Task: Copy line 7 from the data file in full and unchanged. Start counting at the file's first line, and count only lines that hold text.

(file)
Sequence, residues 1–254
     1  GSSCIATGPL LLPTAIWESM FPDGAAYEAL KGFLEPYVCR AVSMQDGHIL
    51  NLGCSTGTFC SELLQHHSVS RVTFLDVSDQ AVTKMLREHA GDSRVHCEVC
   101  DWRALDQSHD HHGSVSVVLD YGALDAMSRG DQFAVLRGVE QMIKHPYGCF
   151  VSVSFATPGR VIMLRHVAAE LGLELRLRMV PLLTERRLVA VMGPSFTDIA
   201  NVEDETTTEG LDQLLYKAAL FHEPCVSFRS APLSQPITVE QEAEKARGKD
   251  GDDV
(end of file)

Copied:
   251  GDDV